The established garden plot is roughly 25 feet by 12 feet, and our intentions are to expand this plot by a good section every year. This year, however, we will limit our garden production to the established plot since we have lots of things vying for our attention (like, say, all those boxes that have yet to unpack themselves - what's up with that?).
This is an example of the few holes present in the garden (keys are included for scale). There's less than a handful of these in the actual garden space, but there's a couple dozen just like them scattered throughout the yard. In general, the hole is roughly two inches in diameter.
A quicky Google search revealed the error of my knowledge - moles are small! Like, rat-size small! I had no idea. According to the University of Kansas Field Station website (from which the below photo originated), what we most likely have are eastern moles. They are mostly solitary (thank goodness, I had envisioned a city of moles under our property, vis a vis The Secret of NIMH) and primarily eat grubs and earthworms.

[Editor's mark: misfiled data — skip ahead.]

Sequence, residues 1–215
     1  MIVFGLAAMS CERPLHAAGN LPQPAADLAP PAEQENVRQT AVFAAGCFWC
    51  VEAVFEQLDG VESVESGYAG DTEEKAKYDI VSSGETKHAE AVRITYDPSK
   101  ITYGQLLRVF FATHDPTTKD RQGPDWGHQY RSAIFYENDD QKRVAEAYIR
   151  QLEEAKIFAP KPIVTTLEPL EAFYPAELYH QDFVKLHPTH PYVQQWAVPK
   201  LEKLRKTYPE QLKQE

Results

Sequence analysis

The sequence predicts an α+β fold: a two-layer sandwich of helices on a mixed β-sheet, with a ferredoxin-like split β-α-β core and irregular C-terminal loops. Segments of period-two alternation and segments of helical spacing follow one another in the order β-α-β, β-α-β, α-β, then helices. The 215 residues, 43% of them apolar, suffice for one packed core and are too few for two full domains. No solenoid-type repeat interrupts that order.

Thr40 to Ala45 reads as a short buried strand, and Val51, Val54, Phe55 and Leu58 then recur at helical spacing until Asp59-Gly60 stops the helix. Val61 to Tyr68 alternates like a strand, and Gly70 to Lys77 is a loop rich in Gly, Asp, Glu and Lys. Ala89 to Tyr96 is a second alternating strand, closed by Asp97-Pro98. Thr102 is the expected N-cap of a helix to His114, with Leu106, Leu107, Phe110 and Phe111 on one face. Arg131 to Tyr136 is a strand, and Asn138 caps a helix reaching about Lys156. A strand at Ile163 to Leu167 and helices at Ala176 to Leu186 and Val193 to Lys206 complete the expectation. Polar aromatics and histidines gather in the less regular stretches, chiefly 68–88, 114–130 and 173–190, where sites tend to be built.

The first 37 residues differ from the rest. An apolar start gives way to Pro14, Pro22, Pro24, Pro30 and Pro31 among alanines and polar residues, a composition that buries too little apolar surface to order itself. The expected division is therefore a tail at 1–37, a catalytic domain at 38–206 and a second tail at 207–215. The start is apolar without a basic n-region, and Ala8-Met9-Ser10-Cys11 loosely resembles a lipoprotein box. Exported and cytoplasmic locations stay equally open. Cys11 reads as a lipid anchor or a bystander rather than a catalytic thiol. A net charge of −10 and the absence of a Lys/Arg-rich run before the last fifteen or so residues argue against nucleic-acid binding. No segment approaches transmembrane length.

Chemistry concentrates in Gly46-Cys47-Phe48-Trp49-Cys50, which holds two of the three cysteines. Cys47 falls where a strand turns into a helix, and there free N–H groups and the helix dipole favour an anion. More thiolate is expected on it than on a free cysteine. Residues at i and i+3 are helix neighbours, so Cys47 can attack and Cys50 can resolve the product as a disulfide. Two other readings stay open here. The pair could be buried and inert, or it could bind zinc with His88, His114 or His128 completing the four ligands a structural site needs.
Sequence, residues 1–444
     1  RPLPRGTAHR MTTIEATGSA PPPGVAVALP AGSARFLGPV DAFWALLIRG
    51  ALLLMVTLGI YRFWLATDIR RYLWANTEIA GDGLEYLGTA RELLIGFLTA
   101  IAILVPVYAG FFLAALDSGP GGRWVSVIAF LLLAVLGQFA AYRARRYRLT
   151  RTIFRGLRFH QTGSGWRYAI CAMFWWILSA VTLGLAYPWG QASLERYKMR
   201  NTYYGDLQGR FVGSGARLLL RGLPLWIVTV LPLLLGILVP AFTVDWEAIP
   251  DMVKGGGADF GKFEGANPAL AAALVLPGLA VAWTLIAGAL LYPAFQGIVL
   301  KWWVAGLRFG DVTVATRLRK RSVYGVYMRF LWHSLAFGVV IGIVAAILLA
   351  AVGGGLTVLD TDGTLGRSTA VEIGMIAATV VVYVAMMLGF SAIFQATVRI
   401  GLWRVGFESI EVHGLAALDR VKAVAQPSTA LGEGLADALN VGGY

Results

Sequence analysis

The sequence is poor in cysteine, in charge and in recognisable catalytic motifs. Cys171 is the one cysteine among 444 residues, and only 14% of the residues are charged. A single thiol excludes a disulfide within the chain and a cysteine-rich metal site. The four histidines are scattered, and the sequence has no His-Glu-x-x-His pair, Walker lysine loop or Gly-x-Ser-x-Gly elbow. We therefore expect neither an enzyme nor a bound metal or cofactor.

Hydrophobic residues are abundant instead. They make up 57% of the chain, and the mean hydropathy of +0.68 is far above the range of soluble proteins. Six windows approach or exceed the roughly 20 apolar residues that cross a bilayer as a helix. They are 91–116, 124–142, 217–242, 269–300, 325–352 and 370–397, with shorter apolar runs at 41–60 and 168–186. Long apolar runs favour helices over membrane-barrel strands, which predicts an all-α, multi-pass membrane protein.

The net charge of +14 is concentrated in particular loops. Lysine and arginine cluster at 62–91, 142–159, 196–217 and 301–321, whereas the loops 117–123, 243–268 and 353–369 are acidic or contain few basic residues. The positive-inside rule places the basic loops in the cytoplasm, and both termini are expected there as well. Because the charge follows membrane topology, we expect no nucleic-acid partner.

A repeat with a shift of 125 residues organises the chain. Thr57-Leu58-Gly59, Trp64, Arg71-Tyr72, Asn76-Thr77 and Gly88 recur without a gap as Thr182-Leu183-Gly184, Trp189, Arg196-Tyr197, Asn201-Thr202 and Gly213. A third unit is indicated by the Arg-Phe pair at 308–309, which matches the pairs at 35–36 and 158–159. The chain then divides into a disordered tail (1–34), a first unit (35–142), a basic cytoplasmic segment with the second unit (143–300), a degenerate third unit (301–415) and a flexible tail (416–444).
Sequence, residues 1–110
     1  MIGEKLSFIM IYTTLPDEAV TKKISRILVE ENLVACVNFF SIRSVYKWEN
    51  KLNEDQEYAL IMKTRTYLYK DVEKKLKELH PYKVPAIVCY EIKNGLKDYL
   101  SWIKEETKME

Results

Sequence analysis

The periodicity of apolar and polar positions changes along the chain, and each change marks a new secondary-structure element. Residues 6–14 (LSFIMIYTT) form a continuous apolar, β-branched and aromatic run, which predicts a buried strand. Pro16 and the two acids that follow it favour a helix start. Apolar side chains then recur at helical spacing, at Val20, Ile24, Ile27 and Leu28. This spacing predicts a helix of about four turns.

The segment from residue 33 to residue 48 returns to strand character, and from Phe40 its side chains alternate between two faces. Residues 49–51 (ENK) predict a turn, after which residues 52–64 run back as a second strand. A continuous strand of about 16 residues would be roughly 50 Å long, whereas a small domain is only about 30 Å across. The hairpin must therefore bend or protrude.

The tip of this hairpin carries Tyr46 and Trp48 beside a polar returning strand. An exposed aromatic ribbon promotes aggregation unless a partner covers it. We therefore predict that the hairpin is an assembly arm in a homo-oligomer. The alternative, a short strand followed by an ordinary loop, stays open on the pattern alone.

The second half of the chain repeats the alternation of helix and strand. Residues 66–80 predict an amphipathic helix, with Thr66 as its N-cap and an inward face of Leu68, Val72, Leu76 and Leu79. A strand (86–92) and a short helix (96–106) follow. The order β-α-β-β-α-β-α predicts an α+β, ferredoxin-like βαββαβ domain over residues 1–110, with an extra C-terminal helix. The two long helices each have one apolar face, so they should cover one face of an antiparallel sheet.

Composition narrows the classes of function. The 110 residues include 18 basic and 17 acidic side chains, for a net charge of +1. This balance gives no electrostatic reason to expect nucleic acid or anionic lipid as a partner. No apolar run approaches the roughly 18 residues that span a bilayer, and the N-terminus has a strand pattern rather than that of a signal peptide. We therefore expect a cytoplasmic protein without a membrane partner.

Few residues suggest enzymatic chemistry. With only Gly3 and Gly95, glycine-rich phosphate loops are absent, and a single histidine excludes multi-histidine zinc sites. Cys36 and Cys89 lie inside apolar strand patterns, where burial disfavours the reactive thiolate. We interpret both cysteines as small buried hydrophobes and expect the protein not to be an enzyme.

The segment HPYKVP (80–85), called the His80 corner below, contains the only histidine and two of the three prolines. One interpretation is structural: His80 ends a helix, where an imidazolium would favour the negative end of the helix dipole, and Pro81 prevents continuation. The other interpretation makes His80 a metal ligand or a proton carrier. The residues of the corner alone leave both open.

Up to now the only major threats I had to protect our garden from were squirrels (acquired a dog that scared off the squirrels) and the dog (acquired a garden fence that kept the dog out). I'm not battle ready when it comes to "varmints."
Apparently, there's a multitude of really nasty and questionably effective approaches to dealing with moles (pouring boiling water down the tunnels, claw traps at tunnel openings, poison), but I'm not willing to use such options due to their inhumane aspects and the fact that children and pets will be using the yard as well. This basically leaves two options...coating their tunnel openings with Castor oil (it gets on their fur, tastes bad and might give them an upset stomach which, supposedly, makes them move on) and/or getting rid of their food source.
Either way we better get crakin' on this problem, since we still have to address the deer and rabbit interlopers as well.